On your mark, get set...wait! E-mail
Written by Cynthia Brown   

There's a new foot pursuit policy in the Austin, Texas Police Department. From now on, officers in that agency will have to ask themselves a long list of questions before chasing criminal suspects by foot. According to a report in the Austin American Statesman by Tony Plohetski, Austin police officers must evaluate the immediate danger, consider whether a suspect is known and can be arrested later, and ask themselves what would be gained from pursuing the suspect before beginning foot chases.

The change in policy resulted in part from an incident last year where an Austin sergeant was fired after it was determined that he acted inappropriately when he shot and killed a suspect during a foot pursuit last year.

According to the policy, officers must gauge the risk to themselves, fellow officers, suspects and bystanders.

The two-page document says that officers should consider whether a suspect may be armed and the availability of backup officers, and requires them to radio a description of the suspect and location of the chase to dispatchers.

That's quite a lot to ask a police officer to think about when he or she has to make a split-second decision. The new policy also says officers should consider ending a chase if the suspects' identities are known, and if they are not thought to be an immediate threat.

"The purpose of this policy is to facilitate the safe apprehension of a suspect who flees on foot to reduce the risk of injury to the officer, suspect and public," the policy reads.

The tragic situation where Officer Amy Donovan was killed when she was struck by her partner (who was driving their patrol car while Donovan chased a fleeing drug suspect on foot) in East Austin last year also contributed to the chief's belief that a change in the foot pursuit policy was needed.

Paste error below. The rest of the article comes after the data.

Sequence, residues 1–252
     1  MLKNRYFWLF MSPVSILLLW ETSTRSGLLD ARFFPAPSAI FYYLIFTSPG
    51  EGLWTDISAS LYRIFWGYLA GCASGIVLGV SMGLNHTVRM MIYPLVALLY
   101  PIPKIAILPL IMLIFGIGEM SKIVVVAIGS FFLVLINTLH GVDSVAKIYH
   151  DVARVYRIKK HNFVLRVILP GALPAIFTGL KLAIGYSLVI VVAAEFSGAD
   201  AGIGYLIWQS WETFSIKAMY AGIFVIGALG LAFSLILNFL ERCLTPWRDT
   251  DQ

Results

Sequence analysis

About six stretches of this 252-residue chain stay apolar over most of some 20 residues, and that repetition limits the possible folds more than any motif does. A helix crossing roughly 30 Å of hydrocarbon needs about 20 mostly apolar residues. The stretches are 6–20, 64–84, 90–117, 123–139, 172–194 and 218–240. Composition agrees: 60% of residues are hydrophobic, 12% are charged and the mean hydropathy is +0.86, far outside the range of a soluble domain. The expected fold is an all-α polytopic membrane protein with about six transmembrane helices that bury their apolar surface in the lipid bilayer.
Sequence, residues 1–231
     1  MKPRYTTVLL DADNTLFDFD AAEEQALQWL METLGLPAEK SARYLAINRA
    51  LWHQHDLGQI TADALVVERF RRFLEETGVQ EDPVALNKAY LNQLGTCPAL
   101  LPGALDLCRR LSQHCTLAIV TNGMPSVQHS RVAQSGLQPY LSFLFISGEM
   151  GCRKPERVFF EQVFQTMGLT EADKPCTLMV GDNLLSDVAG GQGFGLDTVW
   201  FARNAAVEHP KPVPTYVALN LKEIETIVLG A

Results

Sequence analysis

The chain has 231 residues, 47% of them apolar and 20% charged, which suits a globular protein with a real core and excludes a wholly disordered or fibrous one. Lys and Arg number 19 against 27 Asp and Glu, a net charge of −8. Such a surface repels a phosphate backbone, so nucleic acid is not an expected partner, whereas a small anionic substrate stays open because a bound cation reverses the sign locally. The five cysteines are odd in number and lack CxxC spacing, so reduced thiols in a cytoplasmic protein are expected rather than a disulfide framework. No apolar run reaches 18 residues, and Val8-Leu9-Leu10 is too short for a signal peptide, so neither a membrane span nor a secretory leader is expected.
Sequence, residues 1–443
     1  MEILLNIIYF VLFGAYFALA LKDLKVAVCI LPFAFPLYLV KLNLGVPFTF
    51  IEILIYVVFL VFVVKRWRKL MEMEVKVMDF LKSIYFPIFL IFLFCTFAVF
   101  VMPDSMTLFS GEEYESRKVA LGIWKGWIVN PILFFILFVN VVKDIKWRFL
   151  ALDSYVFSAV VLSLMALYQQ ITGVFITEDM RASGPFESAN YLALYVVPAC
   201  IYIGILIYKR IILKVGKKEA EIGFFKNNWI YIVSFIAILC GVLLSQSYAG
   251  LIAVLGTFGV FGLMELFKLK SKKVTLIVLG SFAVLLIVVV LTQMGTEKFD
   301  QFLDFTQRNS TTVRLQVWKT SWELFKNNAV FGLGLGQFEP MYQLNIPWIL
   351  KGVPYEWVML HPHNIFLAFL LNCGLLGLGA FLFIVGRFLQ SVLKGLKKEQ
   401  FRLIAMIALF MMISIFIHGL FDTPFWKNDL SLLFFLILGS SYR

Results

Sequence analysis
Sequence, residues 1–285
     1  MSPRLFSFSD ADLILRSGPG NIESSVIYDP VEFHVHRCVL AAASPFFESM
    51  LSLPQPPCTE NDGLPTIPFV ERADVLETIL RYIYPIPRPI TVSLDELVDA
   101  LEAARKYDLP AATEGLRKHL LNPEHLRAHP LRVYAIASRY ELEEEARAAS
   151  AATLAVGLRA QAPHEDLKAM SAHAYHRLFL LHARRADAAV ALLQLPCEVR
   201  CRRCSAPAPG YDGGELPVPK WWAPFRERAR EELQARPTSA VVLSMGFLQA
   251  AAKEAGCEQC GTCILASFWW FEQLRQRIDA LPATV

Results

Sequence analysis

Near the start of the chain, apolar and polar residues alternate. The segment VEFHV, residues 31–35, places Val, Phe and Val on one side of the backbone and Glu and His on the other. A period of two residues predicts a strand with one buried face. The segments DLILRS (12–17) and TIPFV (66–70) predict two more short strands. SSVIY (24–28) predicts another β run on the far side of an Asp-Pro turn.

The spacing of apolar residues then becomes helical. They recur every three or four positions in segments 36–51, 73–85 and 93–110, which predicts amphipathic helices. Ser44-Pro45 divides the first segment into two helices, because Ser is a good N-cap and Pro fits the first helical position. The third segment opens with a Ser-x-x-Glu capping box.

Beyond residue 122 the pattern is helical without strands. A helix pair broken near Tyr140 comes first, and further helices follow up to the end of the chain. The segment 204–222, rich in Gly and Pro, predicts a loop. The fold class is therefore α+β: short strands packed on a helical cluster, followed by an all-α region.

Assistant Police Chief David Carter, who is the department's chief of staff, said Chief Acevedo initially began changes to the  policy soon after taking over the department last year.

"Anytime that you have something where you have a tactical consideration, where somebody, either a police officer or suspect, could be injured, the department needs to establish some kind of training and policy on the matter," Carter told the Statesman.

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Comments (3)Add Comment
written by andre, December 15, 2008
This is a ridiculous policy and one in which liability outweighs societal dangers and risks. It was obviously devised by an archaic individual with no street experience whatsoever. Our job is inherently dangerous and sometimes we have to do dangerous things. We hope that our training and experience is put to the test and brings us out of a situation.
written by Chicago Blue, December 23, 2008
The days of aggressive, pro-active, protect-the-public policing are OVER.

As cities have no obligation to provide police service and protect the public, they have realized that they can not get in civil liability trouble if their agents, the police, do nothing. It is when they do SOMETHING that it costs them.

The only it costs is the public that suffers.
Just let 'em all go.
written by Ringoesshire, August 10, 2009
This is ridiculous. Once the criminals know you won't chase them, they will run all the time. What do they have to loose. Police work is inherently dangerous, so teach tactics in apprehending, don’t give up. Might as well pack it in and let anarchy prevail. RCHP “always get their man”, I guest that is NOT the motto here.

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